Just like last year we are fuelling pro rider Mitchell Docker with high quality coffee beans for the Vuelta a Espana. We met up with Mitch before the time trial start in Puerto Banus last weekend. He rides for the team Orica Greenedge together with other coffee lovers like Christian Meier and the Yates brothers. We have already gotten reports that he is very happy with the coffee. The coffee is the natural Kochere, roasted by Slöinge and the washed Kenyan Kiriani, from Supreme Roastworks.
We interviewed Mitch one year ago and in case you missed it we include it below. Mission is pretty much the same this year, and they have started off with a blast by securing the red leader´s jersey with Esteban Chaves. This means a lot of work at the front, but Mitch was given the opportunity to sprint fro the victory on the 3rd stage going into Malaga.
Mitchell Docker raw and uncut part 1! Dated 25th August 2014.
We are lucky to have gotten an interview with Mitchell Docker and will release it in parts over the coming week. It includes a fair mix of serious and trivia questions regarding both coffee and cycling, and some very entertaining answers! Enjoy!
PK: Hi Mitch, cool to see that you are into quality coffee, and that we can help you out with some fresh beans during the 2014 edition of the Vuelta. As we all know, coffee and cycling are a match made in heaven. Anywho, please tell us a bit about you're fashion for coffee and how it all started?
MD: How did it start…Im thinking it really began with my father. He is a coffee drinker, a late night drinker, as well as your normal cappuccinos in the morning too. But what I think set me on the right line was that he always made coffee right. He used to grind the beans up fresh, and use a mocha percolator to make his black coffee after dinner. That coffee smell would fill the kitchen, and we, my brother and sister learnt how coffee was meant to be, it took time to be done right. After this I guess I started drinking cappuccino’s when I was heading into University in the city. Going to Uni in Melbourne city allowed me to suss out the cafe scene, and got me hooked a bit. Along the way I did a little barista training course at Lavazza and picked up a Rancilio Silvia machine for home. From there it has just continued to grow, a trip to the United States a few years ago really opened my eyes to the pour over scene, and since then it has exploded in Melbourne just at the right time for me to enjoy drinking it out. The rancilio at home has been great to muck around on try things out. But I do love it when I occasionally get the chance to get behind a multable group head commercial size machine and feel the full power of a big boy, get the feeling of what it would be like to make coffee for a living… well for some time anyway could be fun.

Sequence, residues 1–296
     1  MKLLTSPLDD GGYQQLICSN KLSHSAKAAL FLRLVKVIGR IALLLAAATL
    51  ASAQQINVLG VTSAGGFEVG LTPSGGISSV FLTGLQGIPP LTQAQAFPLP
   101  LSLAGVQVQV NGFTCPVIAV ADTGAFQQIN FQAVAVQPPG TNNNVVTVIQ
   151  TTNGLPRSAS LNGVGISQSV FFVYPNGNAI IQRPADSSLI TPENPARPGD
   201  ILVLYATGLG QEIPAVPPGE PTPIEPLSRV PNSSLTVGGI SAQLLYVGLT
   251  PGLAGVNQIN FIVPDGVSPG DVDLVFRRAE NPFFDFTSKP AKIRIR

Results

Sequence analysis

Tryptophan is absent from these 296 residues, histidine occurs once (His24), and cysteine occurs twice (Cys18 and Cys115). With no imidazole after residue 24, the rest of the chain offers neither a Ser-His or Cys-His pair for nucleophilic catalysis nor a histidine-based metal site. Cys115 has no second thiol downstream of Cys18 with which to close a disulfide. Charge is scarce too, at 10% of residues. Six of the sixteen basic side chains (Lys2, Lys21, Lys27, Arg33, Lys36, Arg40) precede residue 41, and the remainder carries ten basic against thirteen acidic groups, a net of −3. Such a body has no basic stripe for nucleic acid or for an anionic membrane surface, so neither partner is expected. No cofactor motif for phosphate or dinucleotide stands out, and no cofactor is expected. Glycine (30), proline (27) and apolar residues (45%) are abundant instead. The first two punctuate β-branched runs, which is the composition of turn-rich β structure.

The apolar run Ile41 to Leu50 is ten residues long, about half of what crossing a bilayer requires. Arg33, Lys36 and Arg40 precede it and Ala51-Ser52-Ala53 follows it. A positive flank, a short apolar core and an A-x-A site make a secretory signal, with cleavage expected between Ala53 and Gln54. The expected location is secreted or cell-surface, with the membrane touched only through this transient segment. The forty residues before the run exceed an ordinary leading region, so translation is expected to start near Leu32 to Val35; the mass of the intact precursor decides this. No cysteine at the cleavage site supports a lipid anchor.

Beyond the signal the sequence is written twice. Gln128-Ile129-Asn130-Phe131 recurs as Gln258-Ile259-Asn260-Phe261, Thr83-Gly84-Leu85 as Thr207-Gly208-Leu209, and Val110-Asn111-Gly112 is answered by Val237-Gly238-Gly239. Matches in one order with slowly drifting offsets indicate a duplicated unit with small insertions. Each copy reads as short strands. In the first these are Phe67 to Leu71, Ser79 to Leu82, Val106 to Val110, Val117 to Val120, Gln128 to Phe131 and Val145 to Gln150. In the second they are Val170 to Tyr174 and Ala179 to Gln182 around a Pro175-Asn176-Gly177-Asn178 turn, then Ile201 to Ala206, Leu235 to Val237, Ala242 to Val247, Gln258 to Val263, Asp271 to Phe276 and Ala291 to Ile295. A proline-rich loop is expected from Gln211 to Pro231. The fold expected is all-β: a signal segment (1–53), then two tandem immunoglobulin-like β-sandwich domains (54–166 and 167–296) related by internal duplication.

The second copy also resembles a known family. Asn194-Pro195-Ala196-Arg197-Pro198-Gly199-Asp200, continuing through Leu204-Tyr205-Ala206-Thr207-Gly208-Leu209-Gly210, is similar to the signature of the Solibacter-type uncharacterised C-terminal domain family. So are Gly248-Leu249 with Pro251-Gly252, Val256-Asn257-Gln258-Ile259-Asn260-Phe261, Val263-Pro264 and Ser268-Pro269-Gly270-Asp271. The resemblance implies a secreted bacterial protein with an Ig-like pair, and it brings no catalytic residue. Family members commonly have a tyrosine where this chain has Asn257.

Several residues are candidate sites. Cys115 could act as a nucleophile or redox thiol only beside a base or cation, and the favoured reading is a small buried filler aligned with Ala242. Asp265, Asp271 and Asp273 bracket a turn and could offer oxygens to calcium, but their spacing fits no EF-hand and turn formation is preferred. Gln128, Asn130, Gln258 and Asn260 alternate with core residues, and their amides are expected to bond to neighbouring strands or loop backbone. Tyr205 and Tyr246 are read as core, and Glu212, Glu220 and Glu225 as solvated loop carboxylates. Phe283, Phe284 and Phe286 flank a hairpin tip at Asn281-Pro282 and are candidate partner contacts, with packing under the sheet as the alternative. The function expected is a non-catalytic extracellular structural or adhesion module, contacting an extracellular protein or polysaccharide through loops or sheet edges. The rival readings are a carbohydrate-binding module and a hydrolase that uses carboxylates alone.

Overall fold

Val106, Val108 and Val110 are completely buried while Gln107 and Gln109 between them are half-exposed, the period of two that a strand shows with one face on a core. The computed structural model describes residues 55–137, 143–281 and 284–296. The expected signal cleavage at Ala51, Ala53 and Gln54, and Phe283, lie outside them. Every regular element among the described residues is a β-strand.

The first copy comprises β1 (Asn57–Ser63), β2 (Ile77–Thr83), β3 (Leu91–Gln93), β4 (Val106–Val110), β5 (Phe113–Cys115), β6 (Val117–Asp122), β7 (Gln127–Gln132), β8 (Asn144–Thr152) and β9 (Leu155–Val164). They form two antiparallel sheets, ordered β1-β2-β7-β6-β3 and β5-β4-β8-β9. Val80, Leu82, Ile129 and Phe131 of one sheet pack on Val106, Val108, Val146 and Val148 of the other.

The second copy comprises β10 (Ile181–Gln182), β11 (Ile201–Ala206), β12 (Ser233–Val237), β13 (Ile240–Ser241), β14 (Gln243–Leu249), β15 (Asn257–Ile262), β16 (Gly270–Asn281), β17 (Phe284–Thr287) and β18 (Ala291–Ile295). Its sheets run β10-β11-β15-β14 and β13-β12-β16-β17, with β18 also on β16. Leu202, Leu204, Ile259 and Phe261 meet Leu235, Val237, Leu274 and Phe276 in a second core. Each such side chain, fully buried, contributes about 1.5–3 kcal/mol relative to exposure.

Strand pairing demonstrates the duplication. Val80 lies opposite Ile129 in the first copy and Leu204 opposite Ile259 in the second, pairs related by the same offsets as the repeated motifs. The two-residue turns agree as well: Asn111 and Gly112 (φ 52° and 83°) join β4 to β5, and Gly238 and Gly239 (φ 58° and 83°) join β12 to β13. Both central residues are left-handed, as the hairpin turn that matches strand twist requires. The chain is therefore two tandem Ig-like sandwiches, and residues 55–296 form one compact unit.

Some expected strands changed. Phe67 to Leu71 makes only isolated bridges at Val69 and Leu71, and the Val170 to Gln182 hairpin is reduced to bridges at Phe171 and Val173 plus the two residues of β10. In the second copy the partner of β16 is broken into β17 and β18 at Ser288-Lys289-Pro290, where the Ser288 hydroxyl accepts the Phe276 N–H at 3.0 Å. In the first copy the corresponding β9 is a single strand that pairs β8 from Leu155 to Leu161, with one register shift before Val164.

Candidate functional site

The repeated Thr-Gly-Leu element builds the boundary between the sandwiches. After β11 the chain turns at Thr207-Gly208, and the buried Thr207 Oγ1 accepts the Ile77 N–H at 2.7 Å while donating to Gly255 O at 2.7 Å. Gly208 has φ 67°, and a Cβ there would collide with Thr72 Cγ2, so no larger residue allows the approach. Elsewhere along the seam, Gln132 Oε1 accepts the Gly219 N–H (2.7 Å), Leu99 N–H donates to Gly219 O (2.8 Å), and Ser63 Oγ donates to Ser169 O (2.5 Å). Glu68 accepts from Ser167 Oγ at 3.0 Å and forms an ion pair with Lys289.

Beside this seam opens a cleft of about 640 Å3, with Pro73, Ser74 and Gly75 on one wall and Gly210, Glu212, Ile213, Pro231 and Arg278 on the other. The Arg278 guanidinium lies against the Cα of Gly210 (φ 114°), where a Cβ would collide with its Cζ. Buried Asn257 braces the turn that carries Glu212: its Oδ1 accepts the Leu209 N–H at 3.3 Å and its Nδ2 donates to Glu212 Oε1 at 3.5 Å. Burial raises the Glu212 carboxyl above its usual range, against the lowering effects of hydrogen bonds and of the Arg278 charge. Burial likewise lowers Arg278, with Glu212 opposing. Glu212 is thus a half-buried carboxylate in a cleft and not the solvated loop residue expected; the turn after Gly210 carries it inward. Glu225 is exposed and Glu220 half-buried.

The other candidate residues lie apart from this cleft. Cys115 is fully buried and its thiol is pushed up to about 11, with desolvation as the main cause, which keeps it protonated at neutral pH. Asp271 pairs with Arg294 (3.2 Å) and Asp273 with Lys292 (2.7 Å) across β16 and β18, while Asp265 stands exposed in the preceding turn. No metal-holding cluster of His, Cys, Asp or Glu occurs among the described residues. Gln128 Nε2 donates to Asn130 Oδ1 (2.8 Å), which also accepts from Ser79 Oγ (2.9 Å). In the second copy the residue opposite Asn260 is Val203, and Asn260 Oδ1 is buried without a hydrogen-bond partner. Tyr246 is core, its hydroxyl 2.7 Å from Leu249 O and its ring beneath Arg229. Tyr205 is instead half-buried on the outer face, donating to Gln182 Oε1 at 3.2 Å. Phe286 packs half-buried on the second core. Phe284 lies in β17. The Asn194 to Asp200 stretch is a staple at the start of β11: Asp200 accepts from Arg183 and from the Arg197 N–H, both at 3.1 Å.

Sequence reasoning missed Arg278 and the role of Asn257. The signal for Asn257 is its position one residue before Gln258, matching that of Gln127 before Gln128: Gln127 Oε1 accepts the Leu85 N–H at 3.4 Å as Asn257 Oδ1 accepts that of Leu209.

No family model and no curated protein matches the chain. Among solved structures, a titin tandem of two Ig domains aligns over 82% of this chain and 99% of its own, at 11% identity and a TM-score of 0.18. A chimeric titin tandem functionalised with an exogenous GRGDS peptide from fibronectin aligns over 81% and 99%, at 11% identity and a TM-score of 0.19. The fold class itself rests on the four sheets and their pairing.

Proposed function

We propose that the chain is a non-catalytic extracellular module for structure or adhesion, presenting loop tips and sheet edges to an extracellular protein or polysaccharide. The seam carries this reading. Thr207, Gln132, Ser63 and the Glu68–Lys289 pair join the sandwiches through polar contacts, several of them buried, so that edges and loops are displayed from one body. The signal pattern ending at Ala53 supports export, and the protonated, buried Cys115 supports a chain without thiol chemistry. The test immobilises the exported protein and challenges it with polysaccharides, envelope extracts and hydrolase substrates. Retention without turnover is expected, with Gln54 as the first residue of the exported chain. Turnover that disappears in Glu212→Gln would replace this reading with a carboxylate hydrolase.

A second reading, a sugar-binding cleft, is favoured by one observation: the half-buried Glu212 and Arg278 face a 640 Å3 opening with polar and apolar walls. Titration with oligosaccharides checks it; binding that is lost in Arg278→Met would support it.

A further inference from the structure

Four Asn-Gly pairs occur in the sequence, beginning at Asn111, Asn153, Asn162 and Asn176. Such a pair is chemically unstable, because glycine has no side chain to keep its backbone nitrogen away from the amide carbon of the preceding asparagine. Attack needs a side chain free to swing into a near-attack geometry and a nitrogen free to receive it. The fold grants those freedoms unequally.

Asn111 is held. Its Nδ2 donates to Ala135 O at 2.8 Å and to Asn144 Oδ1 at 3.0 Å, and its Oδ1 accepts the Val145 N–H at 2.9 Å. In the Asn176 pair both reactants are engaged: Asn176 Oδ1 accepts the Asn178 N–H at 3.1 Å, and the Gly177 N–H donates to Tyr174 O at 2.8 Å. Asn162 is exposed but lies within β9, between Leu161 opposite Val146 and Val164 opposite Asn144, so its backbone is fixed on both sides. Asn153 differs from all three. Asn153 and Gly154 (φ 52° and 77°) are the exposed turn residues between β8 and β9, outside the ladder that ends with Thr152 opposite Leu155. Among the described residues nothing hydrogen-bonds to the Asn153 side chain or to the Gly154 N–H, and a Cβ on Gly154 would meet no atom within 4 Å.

PK: Coming from Melbourne, having a blooming and reputable coffee scene, do you miss that travelling around Europe? (Thinking that even though there is a culture for coffee around in S-Europe, the quality is sub-par).
MD: Yes I would have to agree, the scene isn’t just quite there. The italian scene is different to what I am used to back home, but obviously thats where it all started, I do love it there because it doesn’t have all the snobby-ness that it can have back home a bit. But in saying that i do love where the Melbourne coffee scene has gone, I like the way we make coffee and also the vibe at the various cafe’s. Thats properly the thing I do miss the most, is going out for coffee. Sure over here I can make a nice brew at home to cure that crave but to enjoy a well made coffee at a cool place…thats the combination I’m missing.
PK: What is you're favorite brewing method, and what do you bring along to the Vuelta?
MD: I have to say espresso is still my favourite brewing method, but in recent times I have been using pour over quite a bit more and enjoy the differences it provides. As for the Vuelta it comes down to logistics and what is going to be easy to travel with. I have bought the pour over along before but it requires a few extra pieces of equipment, which has now lead me to bringing a little stainless steal French press. Stainless steel because your traditional glass French press just doesn’t last the bumps travel, learnt that the hard way.
Mitchell Docker raw and uncut part 2!
We continue with part two of our interview with Mitch. Read how much coffee he drinks before the stages and where we can find his favourite café!
PK: How much coffee do you drink before or after the race, any restrictions from the team managers or nutritionists?